Isaan Farm News
Everyday stories from an Isaan Farm 24 – 27 February
Building in Thailand eBook
When my wife and I bought some land in Isaan, which is a region in the north east of Thailand, and then started to build our house I wanted to record the daily events of construction life. For twenty six weeks I wrote a weekly blog update about all the aspects of the build and included as much detail as possible for others who might be thinking of going down the same path. I was surprised by the number of readers I attracted as a result of writing on this subject, many of whom followed the entire build from beginning to end.
Based on this continued interest I thought I would revisit my original words and bring them all together under the one heading in the form of an eBook. Included in this process has been some extensive updating and expansion of many of the original posts and the addition of the many COMMENTS, which are designed to expand your knowledge and save you time or money or both!
Read more HERE and find out how to obtain the eBook.
I am loving your book – just on my second read at the moment, to make sure that I didn’t miss anything first time around (which actually it turns out I did!).
Just a note of thanks at this point ……. I am a fairly methodical sort of bloke, but there are many issues which your book highlights which I just wouldn’t have thought about – or if I had, I may well have assumed they were “standard” building practice [U-bends, drain positioning, barge-board alignment] – if it hadn’t been for your excellent descriptions!! I will probably still “miss” something – that’s the nature of building/design – but thanks to you, it shouldn’t be anything too mission-critical.
The income from my eBook pays for the upkeep of this blog, which is otherwise commercially free unlike so many others.
These are the stored sticks used for making long bean trellis.
Excess timber that has been sitting on Bear and Tham’s farm for a while was turned into usable pieces yesterday. I have my eye on a few of those to use as table legs. I have wood for the top already.
Bear and Tham are having built a new bathroom at their farm. Basic that does the job. Once the guys are finished here they are building a new storeroom for Yuan and Lud.
Lud working away washing lettuce. Excess leaves are given to the fish.
Not a bad work environment.
Yuan got a phone order for another 100 baht of lettuce so Gaun hopped in to help pick and wash.
Gaun and Yuan. This lettuce is to fill an order from a regular customer. Each bunch holds five stalks of lettuce. and is sold for 10 baht. The buyer then repacks them into three leave lots and makes a profit that way rather than increasing the price.
Dee Doh was off his lead this morning and decided that a lettuce bed was more comfortable than his normal bed. Lud was trying to stop him, which Dee Doh thought was good fun.
Long beans are making steady progress.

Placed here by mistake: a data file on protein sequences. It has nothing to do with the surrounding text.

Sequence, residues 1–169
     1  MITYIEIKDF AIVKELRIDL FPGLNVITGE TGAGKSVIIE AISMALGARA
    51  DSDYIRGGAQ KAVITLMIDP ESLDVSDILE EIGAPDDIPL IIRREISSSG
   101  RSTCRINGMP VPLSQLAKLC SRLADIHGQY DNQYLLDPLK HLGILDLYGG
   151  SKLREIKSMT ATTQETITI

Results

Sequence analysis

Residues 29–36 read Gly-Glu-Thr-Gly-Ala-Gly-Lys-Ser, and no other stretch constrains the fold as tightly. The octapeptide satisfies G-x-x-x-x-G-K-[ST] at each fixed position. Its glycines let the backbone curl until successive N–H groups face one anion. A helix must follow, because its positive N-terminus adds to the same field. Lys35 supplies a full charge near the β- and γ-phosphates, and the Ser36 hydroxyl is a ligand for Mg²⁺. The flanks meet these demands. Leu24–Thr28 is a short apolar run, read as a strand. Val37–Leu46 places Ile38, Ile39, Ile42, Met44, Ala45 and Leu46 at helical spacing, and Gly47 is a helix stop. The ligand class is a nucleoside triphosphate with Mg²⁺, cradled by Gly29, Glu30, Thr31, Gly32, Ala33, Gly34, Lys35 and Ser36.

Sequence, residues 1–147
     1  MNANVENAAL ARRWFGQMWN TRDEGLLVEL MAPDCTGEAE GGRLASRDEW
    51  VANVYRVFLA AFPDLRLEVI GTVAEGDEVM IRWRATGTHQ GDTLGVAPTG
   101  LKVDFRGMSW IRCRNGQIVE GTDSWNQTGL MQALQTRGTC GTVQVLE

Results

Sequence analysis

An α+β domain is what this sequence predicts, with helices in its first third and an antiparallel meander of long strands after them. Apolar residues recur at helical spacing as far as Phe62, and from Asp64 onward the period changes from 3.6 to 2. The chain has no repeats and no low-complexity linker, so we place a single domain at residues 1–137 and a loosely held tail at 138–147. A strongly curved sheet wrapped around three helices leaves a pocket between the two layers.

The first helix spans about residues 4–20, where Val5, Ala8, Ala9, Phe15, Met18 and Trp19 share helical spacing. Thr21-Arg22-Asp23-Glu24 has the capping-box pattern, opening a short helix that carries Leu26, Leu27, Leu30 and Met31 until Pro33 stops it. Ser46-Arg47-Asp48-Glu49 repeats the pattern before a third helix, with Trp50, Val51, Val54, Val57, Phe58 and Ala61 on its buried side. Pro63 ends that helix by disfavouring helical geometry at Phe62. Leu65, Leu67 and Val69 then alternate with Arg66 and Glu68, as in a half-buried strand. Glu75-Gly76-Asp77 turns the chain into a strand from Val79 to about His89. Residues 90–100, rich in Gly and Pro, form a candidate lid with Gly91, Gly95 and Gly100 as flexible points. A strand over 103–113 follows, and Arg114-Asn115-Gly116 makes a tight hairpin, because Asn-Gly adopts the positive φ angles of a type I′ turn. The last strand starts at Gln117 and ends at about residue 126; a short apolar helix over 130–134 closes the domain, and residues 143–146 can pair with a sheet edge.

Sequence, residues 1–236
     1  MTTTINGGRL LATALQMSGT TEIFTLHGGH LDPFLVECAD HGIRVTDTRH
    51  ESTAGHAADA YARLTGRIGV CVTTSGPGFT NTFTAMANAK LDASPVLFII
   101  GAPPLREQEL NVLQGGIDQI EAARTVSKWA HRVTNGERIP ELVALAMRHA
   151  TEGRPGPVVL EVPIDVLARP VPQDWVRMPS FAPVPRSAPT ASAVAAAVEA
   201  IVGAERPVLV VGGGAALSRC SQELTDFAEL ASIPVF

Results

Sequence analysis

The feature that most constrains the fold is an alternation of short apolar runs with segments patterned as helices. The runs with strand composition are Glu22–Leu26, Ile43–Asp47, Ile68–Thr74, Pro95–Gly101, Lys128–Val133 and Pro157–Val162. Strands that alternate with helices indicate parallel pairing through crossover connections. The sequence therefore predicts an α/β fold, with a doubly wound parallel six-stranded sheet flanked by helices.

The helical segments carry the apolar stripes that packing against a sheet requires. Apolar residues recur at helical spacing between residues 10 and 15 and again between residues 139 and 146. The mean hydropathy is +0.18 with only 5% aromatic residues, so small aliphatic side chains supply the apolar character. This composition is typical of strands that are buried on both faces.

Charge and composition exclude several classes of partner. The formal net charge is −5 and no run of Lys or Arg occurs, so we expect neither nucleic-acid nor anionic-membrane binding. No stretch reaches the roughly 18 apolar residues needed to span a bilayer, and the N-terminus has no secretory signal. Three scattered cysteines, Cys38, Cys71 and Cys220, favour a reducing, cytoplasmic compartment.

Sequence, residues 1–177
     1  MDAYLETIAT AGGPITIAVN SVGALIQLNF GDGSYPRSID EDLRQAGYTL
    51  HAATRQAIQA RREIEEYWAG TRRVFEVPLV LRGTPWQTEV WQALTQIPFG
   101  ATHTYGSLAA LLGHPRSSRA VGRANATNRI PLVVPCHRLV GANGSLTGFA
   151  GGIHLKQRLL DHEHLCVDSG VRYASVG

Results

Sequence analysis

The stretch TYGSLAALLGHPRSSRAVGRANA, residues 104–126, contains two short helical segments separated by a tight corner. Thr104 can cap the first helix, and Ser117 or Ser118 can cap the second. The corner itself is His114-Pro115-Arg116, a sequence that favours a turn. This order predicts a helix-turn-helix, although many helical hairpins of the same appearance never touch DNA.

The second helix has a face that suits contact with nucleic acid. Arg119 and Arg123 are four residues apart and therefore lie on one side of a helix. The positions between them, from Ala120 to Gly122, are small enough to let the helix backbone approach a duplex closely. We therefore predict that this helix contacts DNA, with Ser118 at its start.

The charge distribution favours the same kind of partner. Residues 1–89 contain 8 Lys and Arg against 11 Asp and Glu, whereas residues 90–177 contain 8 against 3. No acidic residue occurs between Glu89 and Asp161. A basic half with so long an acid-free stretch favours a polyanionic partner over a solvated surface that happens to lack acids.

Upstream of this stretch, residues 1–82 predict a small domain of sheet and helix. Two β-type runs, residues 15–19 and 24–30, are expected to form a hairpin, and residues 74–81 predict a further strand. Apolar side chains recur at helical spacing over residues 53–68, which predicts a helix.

The seas were calm so I went for a sail. I wish I was back working in a an office doing something useful for the Australian government. Oh well, I make do.
Morning watering of new seedlings while the iron buffalo takes a rest in the shade of its very own umbrella.
A farmer’s fashion statement.
The green dusting of new seedlings sprouting. Morning glory, coriander and dill.
Harvesting Manila tamarind was on the agenda for this morning too. Picked for Yuan’s stall at the Friday street markets tomorrow.
Yuan cutting fruit from the ground.
While Gaun climbed the tree for a closer experience.
What an Aussie would call a gutsy lady.
Even in the dry brownness of the current landscape splashes of colour give some relief to the eye.
Gaun in action.
Lud, who had left to deliver vegetables that had been ordered, returned and then it was Gaun and Lud up the trees while Yuan collected at ground level.
Searching for fallen fruit.
Covered up when not being used but a peaceful rural scene even though.
No Chance Missed:
Yuan made 900 baht selling her Manila tamarind at yesterday’s markets so her entrepreneurial spirit, which has her grabbing any opportunity to make money, had her back up the trees at the farm this morning. I love seeing this sort initiative that reflects a personal drive to make the most of any situation.
Lud did the first harvest and then had enough. Not to be stopped Yuan saw that there were more to be got so up the tree she went.
Looking for more fruit.
Another few hundred baht in the basket.
Today are the big Friday street markets and Yuan always has a stall there. Celery, basil and dill in this basket. A photo of freshness.
Lettuce of course. You will be used to this by now being the main vegetable being harvested. Called ‘salad’ in Thai, one word you should remember.
Spring onions neatly wrapped up in a damp cloth to keep fresh.
Yuan always goes the extra mile to present her crops at their best. Here she inspects every Manila tamarind and cuts off bits that are dry or don’t look good. We called into the markets this afternoon and these bags of fruit were selling well. Good job Yuan and Lud.
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